By Hilarie Meyers, Development Intern
Earlier this year, the Virginia House Militia, Police and Public Safety Committee killed a bill (HB 1488) that would have limited the use of restraints and shackles on incarcerated pregnant women.
The bill only proposed limited reforms to current practices by “[limiting] the restraint of pregnant inmates during labor, transport to a medical facility, delivery, or postpartum recovery in the commonwealth’s correctional facilities.” Though far from comprehensive, HB 1488 would have provided a basic level of protection for pregnant inmates in Virginia, representing a moment of progress in a state with an already unacceptable “F+” status quo for treatment of incarcerated women. However, the bill’s defeat undoubtedly marks a step backwards in the fight to promote the rights and wellbeing of women, children, and prisoners.
The story of HB 1488 sheds light on the use of shackles and restraints on incarcerated pregnant women at both prisons and Immigration and Customs Enforcement (ICE) detention centers around the country. This practice demonstrates a disregard for the health and rights of incarcerated women and their children. In fact, a number of major correctional and medical associations (including the Federal Bureau of Prisons, the American College of Obstetricians and Gynecologists, and the American Medical Association) oppose the use of restraints on pregnant women and new mothers and for good reason: the practice can and often does have detrimental effects on the physical and mental health of both mother and child.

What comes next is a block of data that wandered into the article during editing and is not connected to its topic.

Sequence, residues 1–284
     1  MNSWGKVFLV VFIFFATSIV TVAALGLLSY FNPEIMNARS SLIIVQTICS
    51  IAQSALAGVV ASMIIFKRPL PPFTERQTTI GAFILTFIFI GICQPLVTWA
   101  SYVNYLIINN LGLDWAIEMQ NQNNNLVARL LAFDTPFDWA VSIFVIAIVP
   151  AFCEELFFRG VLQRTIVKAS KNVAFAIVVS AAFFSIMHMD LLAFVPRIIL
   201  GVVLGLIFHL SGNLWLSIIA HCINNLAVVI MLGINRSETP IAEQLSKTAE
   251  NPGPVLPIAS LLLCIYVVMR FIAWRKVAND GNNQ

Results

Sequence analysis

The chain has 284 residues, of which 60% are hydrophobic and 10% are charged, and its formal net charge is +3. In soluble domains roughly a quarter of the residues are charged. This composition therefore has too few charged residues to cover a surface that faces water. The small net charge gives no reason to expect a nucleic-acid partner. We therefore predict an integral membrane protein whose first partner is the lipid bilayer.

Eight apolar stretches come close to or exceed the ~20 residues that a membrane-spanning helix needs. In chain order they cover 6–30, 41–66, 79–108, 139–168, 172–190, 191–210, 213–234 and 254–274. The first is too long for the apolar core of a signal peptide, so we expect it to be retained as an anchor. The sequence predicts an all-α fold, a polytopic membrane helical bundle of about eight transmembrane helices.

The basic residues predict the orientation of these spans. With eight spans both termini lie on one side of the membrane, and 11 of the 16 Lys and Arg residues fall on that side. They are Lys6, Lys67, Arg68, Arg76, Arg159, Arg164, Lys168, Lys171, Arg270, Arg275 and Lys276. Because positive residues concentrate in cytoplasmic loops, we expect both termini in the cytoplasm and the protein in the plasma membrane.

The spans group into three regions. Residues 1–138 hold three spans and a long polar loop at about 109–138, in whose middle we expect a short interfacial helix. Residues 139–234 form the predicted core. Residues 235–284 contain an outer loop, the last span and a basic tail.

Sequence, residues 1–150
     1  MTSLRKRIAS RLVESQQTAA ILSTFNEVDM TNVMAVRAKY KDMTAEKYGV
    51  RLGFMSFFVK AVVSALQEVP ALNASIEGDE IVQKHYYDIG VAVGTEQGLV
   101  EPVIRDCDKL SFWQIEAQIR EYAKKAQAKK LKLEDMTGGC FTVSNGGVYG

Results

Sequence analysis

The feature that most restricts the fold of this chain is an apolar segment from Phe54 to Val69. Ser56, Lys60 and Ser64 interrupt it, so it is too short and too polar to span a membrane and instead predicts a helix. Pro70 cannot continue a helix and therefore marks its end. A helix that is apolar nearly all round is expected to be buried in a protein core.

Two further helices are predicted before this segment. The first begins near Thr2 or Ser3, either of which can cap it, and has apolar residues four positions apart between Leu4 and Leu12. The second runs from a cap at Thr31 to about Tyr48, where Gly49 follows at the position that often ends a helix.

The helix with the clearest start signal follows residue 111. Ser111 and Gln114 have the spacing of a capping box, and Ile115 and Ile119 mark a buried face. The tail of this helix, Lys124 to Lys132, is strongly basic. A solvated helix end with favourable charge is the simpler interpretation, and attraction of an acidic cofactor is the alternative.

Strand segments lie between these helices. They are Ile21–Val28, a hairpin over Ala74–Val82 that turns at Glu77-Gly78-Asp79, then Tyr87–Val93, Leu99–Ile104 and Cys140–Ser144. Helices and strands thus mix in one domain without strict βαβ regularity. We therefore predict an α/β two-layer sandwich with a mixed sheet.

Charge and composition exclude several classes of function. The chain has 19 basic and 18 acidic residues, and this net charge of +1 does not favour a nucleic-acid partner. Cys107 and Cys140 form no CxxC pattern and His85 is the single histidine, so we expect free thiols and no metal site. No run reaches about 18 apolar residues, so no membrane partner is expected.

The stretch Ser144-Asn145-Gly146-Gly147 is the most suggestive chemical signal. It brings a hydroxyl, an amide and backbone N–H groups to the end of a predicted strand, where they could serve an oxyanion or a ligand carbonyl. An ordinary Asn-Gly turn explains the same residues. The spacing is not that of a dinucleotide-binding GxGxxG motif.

According to RH Reality Check, a shackled inmate is more likely to fall and injure herself and/or her child. Shackling can lead to harmful complications during labor, delivery, and the postpartum recovery process, all of which require mobility. According to Amnesty International:
Physician Dr. Patricia Garcia notes that “women in labor need to be mobile so that they can assume various positions…Having the woman in shackles compromises the ability to manipulate her legs into the proper position for treatment. The mother and baby’s health could be compromised if there were complications during delivery such as hemorrhage or decrease in fetal heart beat. If there were a need for a C Section, the mother needs to be moved to an operating room immediately and a delay of even five minutes could result in permanent brain damage for the baby. …”
Numerous women, such as Shawanna Nelson, whose story was featured in the New York Times, have reported lasting damage to their health after being forced to give birth while immobilized and, in Nelson’s case, without sufficient pain medication.